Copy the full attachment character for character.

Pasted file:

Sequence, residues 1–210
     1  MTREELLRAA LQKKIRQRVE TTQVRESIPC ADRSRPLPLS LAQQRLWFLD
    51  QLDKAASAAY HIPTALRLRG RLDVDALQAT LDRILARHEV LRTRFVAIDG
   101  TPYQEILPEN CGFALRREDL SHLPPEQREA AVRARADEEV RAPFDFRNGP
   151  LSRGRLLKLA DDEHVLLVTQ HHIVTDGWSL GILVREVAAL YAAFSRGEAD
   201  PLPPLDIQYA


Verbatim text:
Sequence, residues 1–210
     1  MTREELLRAA LQKKIRQRVE TTQVRESIPC ADRSRPLPLS LAQQRLWFLD
    51  QLDKAASAAY HIPTALRLRG RLDVDALQAT LDRILARHEV LRTRFVAIDG
   101  TPYQEILPEN CGFALRREDL SHLPPEQREA AVRARADEEV RAPFDFRNGP
   151  LSRGRLLKLA DDEHVLLVTQ HHIVTDGWSL GILVREVAAL YAAFSRGEAD
   201  PLPPLDIQYA